Yes, you may have someone present with you during the complaint process. Title IX calls this person your "Advisor." Your Advisor may be a parent, guardian, family member, attorney, or other adult. Your Advisor may be present with you for any meeting or interview related to the Title IX complaint process. However, an Advisor may be subject to reasonable restrictions as set forth by the District. Respondents may also have an Advisor to support them through a meeting, interview, and other aspects of the complaint process.

Will my participation in the sexual harassment claim or Title IX complaint process be confidential?

Yes and no. It is the District's job to maintain the confidentiality of the identity of anyone who has reported sexual harassment, made a formal complaint of sexual harassment, any individual reported to be a perpetrator of sexual harassment, any Respondent, and any witness.
In other words, the District cannot make these identities public.
However, the identities of the Complainant, witnesses, and Respondent may be revealed to others who are part of the confidential investigation process so that the parties have full opportunity to review and respond to the evidence.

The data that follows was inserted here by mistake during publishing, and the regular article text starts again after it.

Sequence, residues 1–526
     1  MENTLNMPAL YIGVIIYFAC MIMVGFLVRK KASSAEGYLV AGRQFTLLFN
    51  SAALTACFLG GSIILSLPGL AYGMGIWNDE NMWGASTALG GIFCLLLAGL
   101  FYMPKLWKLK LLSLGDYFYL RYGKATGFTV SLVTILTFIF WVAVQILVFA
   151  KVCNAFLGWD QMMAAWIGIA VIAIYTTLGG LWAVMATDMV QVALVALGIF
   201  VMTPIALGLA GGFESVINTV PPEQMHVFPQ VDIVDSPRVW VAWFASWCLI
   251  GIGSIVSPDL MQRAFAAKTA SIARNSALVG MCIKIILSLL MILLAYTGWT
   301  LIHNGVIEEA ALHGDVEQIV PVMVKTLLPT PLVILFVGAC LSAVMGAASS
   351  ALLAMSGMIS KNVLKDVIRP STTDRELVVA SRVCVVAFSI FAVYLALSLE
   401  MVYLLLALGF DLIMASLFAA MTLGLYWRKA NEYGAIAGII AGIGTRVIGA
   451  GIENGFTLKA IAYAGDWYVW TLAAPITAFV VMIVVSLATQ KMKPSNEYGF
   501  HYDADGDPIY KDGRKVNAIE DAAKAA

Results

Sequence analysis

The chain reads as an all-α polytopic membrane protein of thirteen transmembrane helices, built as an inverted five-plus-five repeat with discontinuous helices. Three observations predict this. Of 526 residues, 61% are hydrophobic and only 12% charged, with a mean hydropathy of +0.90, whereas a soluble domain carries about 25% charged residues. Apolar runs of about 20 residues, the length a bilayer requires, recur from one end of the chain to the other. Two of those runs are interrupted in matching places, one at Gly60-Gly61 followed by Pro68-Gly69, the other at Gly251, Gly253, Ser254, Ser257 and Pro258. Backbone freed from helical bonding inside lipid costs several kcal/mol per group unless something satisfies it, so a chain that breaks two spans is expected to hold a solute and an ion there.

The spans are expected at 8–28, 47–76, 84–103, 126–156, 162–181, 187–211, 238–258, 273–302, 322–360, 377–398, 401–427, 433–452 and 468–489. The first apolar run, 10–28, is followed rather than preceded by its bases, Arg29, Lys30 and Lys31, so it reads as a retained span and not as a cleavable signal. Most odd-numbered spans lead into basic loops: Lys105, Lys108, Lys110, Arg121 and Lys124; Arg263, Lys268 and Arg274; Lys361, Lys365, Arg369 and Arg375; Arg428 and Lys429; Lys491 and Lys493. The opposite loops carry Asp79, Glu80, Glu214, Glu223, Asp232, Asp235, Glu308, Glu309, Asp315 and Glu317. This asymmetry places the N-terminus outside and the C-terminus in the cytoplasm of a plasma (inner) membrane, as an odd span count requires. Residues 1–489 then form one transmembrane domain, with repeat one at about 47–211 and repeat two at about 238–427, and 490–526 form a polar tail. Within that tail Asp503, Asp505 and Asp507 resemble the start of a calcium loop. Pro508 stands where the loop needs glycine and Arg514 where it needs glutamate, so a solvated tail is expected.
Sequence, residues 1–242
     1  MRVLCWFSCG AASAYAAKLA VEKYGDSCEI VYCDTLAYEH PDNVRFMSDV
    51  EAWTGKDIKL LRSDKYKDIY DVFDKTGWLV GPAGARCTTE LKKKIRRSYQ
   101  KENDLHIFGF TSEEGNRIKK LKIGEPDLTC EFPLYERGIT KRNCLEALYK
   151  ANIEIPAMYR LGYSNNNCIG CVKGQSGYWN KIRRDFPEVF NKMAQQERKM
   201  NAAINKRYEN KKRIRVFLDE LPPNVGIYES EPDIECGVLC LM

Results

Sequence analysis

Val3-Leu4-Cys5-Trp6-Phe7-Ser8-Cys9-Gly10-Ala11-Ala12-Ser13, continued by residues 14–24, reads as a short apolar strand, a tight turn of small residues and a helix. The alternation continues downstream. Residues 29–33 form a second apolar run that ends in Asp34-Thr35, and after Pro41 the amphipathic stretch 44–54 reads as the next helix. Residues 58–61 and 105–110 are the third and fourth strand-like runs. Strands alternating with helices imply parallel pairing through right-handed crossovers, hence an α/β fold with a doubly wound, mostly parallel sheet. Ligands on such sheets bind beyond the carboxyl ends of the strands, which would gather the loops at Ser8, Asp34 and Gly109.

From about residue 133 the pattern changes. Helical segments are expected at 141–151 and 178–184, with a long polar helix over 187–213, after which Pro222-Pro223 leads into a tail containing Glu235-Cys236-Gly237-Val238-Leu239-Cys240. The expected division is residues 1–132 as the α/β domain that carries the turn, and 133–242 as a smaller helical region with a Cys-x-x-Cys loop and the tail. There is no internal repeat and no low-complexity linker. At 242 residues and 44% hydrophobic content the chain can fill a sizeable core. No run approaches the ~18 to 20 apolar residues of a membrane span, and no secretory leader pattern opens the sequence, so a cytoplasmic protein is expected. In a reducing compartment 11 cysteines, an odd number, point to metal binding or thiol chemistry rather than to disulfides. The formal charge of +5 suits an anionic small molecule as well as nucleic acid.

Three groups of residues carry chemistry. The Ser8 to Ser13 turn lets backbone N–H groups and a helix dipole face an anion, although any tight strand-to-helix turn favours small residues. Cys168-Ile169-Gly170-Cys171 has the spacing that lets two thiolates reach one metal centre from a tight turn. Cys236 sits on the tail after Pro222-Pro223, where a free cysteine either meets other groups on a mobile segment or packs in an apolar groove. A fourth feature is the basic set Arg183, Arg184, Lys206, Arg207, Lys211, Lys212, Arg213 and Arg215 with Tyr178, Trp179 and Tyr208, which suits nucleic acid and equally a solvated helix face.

If the administrator or investigator wants to talk to my personal counselor or therapist, can they do that without my permission?

No. If an administrator or investigator wants to talk to your counselor or therapist, the investigator must ask you for your written consent before talking to that person. 

Will the sexual harassment or Title IX investigation report be released to the public?

The District will not release a Title IX investigation report to the public unless required by state or federal law or a court order. 

What if I am being accused of sexual harassment and I need help?

If a complaint has been filed against you, the administration will offer you supportive measures to preserve equal access to your education program or activity without unreasonably burdening the other party.

Sexual harassment what you need to know flowchart